The Fire Service Inspectorate released a comprehensive report in September of 1999 summarizing the status of equal opportunity issues in the British fire service. The Inspectorate is a government agency responsible for assessing how fire brigades in England and Wales are "discharging their functions... and meeting their responsibilities" under the law. Its report, entitled "Equality and Fairness in the Fire Service: Founding a Cultural Equality," was the result of months of study and discussion via questionnaires, interviews, and visits by inspection teams to ten fire brigades.
This inspection, the first of several to be conducted nationwide on a series of issues critical to the fire service, was charged with "examining the extent to which all elements of the concept of equality and fairness at work are being embraced by the fire service." The purpose of the report is to recommend changes where needed, and to highlight "best practices," in terms of fire service employment and service delivery. It follows on the heels of a strongly worded warning by the Home Secretary the previous spring that the British fire service's record on equality issues was unacceptable, and that it was time for the service to "stop making excuses and get its house in order."
Much of what the Inspectorate discovered about the status of women and other traditionally excluded groups in the British fire service will be very familiar to female firefighters elsewhere. Because its findings are quite relevant to any fire service agency that manages a diversifying workforce, we are providing extensive quotes from, and commentary on, this important report. It is also our hope that the report will motivate the fire service in the U.S. to produce a comparable assessment of its progress.
While praising the quality of service provided by the nation's fire brigades, the report was highly critical of the status given to equality and fairness issues within those brigades. It found, in general,
an absence of appreciation, at any but the highest levels, of the benefits which would accrue to the service and the community from advancement of equality and fairness in the fire service. The only focus recognised, was the need to respond to political and governmental initiatives relating to racial or gender equality... Any drive in this direction was often therefore seen as little more than "political correctness."
The Inspectorate found that the concept of "fairness" itself was often misunderstood. Most commonly, fire personnel expressed a belief that "fairness" = "equal" = "the same" = "identical," with no recognition that fairness can only be judged on outcomes, not on input. A simple example shows the weakness of the equation. Under a "fairness means identical" approach -- purportedly treating "everyone the same" -- an instructor might require all firefighters to tie knots right-handed, or a fire chief might say, "We don't have maternity policies for men, so we won't have them for women, either." Real fairness can only be assessed by looking at the impact of the policy or input, and not the input itself.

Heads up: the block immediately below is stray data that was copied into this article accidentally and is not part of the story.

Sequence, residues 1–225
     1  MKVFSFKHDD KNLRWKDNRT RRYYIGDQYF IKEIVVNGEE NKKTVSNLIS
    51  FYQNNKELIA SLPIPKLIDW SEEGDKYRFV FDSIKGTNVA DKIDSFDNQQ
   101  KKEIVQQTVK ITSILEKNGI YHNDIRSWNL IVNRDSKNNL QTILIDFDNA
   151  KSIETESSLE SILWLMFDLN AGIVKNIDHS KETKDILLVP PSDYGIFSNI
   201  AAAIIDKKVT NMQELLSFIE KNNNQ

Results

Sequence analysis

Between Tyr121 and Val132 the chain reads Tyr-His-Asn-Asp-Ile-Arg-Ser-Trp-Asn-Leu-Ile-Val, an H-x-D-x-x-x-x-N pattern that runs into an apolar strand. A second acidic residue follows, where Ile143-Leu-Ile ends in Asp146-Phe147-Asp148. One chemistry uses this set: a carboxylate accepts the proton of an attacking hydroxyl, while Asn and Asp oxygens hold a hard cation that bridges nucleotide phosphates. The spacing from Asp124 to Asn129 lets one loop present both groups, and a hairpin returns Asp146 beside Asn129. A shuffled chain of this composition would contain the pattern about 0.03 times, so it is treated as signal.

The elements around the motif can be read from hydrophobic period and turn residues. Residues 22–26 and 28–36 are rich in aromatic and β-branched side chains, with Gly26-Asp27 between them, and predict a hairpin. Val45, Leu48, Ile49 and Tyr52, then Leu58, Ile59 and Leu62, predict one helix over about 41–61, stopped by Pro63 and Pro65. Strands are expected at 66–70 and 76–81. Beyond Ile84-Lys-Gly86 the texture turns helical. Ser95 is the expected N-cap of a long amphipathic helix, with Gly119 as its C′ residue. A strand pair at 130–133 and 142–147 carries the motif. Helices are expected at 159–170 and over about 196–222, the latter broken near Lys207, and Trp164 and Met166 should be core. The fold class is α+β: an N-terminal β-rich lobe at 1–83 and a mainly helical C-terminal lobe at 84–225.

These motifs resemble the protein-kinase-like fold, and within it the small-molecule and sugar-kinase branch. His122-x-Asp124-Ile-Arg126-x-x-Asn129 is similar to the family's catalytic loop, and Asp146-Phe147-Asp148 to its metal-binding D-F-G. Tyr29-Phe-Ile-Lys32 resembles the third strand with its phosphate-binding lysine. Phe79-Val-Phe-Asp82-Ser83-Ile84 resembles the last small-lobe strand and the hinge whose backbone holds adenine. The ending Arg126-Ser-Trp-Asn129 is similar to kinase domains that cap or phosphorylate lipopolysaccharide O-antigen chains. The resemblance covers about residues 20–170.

In addition, fairness was not generally viewed as something of value in itself, but rather as something firefighters and officers must do in order to comply with directives from above. Unfortunately, in many brigades, concerns over recrimination in this area had led to an atmosphere of concern and even fear, leading to an overall negative impression of equality issues.
This attitude was in apparent conflict with the dedication most brigade members showed to providing a high level of service without regard to the class, race, sex or religion of the people being helped. "The sense of... pride in that and in the commitment to providing service was evident." Yet at the same time, there was no commitment to internalizing that sense of fairness within the fire service itself:
A very clear focus on service delivery to the public (was) converted into a reason for the maintenance of the existing white male dominated organisation, in order to guard against the "dropping of standards"... The objective of many of the workforce... seemed to be the continuation of the status quo.
Particular opposition was expressed towards any form of affirmative action or targeted recruitment of people of color, women, or other under-represented groups.
The predominant view... was that the traditional approaches, which had resulted in the existing membership of the service, had proved their worth... Any form of positive (affirmative) action... was seen as unnecessary, and both objectionable and unacceptable in the context of fairness.
The Inspectorate found the general attitude towards the idea of women firefighters was one of continued and open hostility. While it did meet some women firefighters "who... had been able to become accepted and indeed respected for what they were and what they brought to the job,"
The overwhelming collective view of uniformed staff, including many officers... was strong opposition to women being employed in the operational fire service. Many reasons were given, but the overriding view was that women were not capable of doing "a man's job"... It was believed that no woman could be strong enough, or fit enough, to meet the requirements of the job. This belief was directly linked to the certainty that standards are being dropped in order to allow women to join and remain in the service.
Some opposition was also based on "genuine, if misconceived, concerns for (women's) welfare and health in the long term." Others questioned the motivation of women who wished to become firefighters, alleging that they were doing so in order either to file false claims of discrimination and get a financial settlement, or to steal someone's husband.